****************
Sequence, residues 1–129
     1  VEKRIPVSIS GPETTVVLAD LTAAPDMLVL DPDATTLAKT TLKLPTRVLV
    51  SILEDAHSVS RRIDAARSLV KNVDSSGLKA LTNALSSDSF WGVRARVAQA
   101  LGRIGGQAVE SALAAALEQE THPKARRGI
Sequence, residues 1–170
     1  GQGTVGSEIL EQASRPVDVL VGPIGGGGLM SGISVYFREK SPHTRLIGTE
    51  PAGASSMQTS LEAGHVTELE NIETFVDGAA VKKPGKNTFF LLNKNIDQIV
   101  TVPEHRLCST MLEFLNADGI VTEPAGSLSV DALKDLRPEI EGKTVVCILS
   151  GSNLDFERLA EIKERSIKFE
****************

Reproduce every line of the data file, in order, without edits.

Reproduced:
Sequence, residues 1–129
     1  VEKRIPVSIS GPETTVVLAD LTAAPDMLVL DPDATTLAKT TLKLPTRVLV
    51  SILEDAHSVS RRIDAARSLV KNVDSSGLKA LTNALSSDSF WGVRARVAQA
   101  LGRIGGQAVE SALAAALEQE THPKARRGI
Sequence, residues 1–170
     1  GQGTVGSEIL EQASRPVDVL VGPIGGGGLM SGISVYFREK SPHTRLIGTE
    51  PAGASSMQTS LEAGHVTELE NIETFVDGAA VKKPGKNTFF LLNKNIDQIV
   101  TVPEHRLCST MLEFLNADGI VTEPAGSLSV DALKDLRPEI EGKTVVCILS
   151  GSNLDFERLA EIKERSIKFE